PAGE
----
No. Checks coming from friends, family or other sources that are not your own earned money or already saved funds cannot be used.
For example, if your best friend writes you a check to reimburse you for dinner the other night, you cannot count this money in your account that holds your down payment.
Checks you receive for insurance reimbursements, medical payment reimbursements, a lottery win, a refund from a store or creditor are acceptable sources for deposits because they represent items owed to you for something you either already paid or earned. A copy of the check and sometimes the payment voucher is necessary to document these types of funds. Always make a copy of any check(s) you deposit that are not payroll checks.
If you deposit a check from your savings account, or money market or retirement account to your checking account, this is ok. We would then have to look at all the deposits for the last 60 -90 days into your savings, money market or retirement to determine the source of the funds.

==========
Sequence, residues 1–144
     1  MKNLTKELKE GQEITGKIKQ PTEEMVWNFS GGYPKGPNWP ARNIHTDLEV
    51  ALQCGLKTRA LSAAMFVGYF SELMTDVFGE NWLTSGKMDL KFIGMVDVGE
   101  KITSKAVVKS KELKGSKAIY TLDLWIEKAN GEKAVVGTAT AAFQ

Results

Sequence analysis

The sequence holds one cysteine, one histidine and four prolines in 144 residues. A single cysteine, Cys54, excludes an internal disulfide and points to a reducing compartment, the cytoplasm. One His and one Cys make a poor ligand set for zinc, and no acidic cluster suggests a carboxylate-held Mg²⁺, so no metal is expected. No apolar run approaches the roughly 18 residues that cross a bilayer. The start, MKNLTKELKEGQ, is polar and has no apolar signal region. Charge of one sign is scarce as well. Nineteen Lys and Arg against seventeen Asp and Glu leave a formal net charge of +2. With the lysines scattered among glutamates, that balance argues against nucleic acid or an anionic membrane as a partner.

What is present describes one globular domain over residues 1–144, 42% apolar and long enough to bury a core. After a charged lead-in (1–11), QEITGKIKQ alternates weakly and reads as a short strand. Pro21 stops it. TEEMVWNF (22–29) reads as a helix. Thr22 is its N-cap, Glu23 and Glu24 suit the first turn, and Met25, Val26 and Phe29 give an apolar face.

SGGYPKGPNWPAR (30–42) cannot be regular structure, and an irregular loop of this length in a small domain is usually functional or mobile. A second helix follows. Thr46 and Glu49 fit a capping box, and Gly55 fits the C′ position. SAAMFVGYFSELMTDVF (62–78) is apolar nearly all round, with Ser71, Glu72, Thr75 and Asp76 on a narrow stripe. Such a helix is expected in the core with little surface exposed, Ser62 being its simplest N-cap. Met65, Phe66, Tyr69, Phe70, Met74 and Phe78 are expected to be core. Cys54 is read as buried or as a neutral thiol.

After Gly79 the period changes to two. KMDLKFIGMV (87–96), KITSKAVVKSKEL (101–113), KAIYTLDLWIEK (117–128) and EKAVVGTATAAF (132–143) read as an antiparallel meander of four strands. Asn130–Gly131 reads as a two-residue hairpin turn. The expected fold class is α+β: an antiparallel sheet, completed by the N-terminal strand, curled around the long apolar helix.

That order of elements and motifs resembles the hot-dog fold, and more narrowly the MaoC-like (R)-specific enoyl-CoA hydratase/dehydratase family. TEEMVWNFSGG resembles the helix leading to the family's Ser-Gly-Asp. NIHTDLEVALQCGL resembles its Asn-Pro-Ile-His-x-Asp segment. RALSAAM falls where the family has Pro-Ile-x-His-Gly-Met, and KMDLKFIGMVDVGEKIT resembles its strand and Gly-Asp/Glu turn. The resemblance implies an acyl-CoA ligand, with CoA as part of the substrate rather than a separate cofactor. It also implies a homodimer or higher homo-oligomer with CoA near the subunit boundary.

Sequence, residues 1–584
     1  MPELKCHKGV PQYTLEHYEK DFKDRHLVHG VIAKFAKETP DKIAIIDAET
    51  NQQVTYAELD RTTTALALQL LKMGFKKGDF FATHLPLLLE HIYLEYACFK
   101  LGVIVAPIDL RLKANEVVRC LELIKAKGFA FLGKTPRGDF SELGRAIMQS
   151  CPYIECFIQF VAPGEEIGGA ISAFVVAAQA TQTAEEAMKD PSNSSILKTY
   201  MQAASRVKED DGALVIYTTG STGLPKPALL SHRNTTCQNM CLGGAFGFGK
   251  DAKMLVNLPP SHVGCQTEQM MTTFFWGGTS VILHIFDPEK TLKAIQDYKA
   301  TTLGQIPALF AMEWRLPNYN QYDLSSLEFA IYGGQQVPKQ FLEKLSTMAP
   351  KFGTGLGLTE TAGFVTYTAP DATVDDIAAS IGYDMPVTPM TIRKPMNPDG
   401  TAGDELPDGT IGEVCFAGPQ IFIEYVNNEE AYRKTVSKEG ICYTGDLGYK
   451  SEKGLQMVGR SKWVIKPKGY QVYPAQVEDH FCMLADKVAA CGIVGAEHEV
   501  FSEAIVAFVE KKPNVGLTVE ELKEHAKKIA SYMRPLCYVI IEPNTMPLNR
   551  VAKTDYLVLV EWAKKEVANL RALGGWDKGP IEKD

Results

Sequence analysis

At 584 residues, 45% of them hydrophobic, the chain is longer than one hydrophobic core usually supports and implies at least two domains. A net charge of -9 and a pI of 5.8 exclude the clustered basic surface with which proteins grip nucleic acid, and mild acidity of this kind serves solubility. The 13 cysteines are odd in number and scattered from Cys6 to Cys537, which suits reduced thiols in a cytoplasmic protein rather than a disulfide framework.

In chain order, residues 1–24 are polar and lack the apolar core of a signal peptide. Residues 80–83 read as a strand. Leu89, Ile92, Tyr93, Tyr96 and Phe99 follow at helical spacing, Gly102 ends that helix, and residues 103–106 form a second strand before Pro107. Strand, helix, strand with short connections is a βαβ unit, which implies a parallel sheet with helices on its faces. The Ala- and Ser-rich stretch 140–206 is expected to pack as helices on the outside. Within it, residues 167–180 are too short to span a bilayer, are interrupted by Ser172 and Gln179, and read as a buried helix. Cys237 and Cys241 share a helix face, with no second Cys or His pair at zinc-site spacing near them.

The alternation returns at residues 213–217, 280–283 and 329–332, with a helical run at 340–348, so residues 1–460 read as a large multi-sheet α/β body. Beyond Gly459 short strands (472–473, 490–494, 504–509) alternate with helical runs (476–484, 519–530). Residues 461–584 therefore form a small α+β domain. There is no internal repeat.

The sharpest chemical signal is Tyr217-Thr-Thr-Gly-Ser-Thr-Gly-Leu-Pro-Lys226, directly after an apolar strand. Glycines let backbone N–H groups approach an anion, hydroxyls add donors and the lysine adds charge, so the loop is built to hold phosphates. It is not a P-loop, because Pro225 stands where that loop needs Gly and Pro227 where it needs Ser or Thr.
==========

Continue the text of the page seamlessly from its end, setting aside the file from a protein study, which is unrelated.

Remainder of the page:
I would suggest you have a main account that receives your payroll deposits. Then I would transfer household money from that account to another checking account at another bank. The household account would not be used for down payment and you could deposit any type of funds into this account to pay your household bills, buy items for purchase, and any other items you need. If friends or family give you holiday or birthday gifts, they could be deposited into this account.
Your main account would then be free of unacceptable deposits and you could accumulate your down payment in an account with limited transactions that would need to be reviewed. The reason I suggest a different bank is that many banks consolidate all your accounts into one statement and this would allow the underwriter to look at the household account and again, see all the other types of deposits.
See “What other things does the lender look for on account statements?” to see what additional review you would avoid using the two account system.